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Light is shone on the unspeakable horrors of Auschwitz

In Auschwitz in southern Poland - where darkness has fallen but where on this special day a light has been shone on the unspeakable horrors that unfolded here. Some 70 years ago tonight this most notorious of Nazi death camps was liberated.

For more than a million, mainly Jews, it was too late. But some survived this killing factory, and some survive still. 300 returned here for a special service of commemoration. Some were coming back for the first time - but in the dusk here all managed a slow walk along the railway track that delivered them to their ghastly fate .

ITV News Correspondent Paul Davies reports on a day of remembrance:

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NHS payrise 'will not cost the taxpayer more money'

Health Secretary Jeremy Hunt has said that an NHS payrise, offered as a way of averting strike action by health workers, would not cost the taxpayer any more money:

QC: 'Trail of polonium leads directly to Putin's door'

A 'trail of polonium traces' leads directly to the 'door of Vladimir Putin' the barrister representing Alexander Litvinenko's widow has said, referring to the death of the poisoned spy.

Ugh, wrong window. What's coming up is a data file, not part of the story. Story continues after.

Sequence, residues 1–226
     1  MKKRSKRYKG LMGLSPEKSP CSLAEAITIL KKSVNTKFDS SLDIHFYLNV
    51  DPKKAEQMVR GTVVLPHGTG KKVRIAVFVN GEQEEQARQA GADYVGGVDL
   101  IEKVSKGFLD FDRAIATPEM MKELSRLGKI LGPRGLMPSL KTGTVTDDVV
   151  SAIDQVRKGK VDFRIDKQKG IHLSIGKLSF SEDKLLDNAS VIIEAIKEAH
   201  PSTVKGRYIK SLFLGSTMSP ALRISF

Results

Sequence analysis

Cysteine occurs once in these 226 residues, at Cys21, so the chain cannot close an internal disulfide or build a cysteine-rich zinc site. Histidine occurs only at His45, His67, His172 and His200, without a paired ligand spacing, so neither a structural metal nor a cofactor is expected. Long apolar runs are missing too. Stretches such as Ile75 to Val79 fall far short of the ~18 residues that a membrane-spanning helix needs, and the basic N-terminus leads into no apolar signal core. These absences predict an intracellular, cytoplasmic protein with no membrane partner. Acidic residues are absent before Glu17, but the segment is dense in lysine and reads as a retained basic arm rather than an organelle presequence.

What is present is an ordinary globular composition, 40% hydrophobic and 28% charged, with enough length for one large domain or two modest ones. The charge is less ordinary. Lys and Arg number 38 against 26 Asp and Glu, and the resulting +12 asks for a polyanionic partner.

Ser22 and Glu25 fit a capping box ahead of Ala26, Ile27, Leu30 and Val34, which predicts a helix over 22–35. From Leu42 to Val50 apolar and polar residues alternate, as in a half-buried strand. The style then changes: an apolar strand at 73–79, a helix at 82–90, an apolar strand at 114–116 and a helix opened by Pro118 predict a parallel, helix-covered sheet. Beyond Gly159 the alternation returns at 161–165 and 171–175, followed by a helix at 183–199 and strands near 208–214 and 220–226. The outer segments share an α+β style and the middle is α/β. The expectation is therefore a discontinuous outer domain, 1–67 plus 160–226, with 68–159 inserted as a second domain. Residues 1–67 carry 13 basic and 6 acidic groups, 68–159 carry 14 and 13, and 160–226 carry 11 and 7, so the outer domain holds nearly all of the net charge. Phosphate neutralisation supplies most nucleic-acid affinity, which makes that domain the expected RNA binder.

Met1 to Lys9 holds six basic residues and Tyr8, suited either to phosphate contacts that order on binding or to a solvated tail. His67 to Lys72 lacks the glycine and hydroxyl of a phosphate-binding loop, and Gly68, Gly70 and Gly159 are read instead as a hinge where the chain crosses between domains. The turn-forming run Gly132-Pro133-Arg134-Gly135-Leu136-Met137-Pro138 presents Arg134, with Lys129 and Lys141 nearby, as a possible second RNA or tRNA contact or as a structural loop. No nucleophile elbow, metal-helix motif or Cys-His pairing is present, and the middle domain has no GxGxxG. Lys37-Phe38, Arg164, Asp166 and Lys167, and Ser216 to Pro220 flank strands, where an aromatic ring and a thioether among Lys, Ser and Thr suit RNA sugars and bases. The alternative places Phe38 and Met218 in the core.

Marina Litvinenko outside the Royal Courts of Justice. Credit: PA

When all of the open and closed evidence is considered together, Mr Litvinenko's dying declaration will be borne as true, that the trail of polonium traces lead not just from London to Moscow but directly to the door of Vladimir Putin and Mr Putin should be unmasked by this inquiry as a common criminal dressed up as a head of state.

– Ben Emmerson QC

The QC told the inquiry, chaired by Sir Robert Owen, that Mr Livtinenko became a "marked man" in 1998 when he attempted to expose a plot by the Russian intelligence service - the FSB - to kill Russian billionnaire Boris Berezovsky.

Osborne remains tight-lipped on policies to tackle inequality

Chancellor George Osborne refused to say whether he would implement policies to tackle inequality, such as raising taxes on the wealthy, in the next Budget.

In an interview with Business Editor Joel Hills, he admitted that growth had not been entirely balanced, but insisted the gap between rich and poor was getting narrower:

Mr Osborne also said Britain needed a "clear economic plan" due to uncertainties on the international stage.

He mentioned the ongoing issues in the Eurozone and Greece, downgrading of Russian bonds and the dropping price of oil as examples.

Unions to consult members on health worker pay offer

Union leaders have cautiously welcomed a new offer from the Government in an ongoing row over pay.

Unison's head of health Christina McAnea said it "isn't a great offer" but that it would consult its members on the new terms.

The GMB amd Unite unions both said they too would consult members on the new offer.

Dr Peter Carter, general secretary of the Royal College of Nursing, said the "breakthrough" was a "positive start, but there is more to be done".

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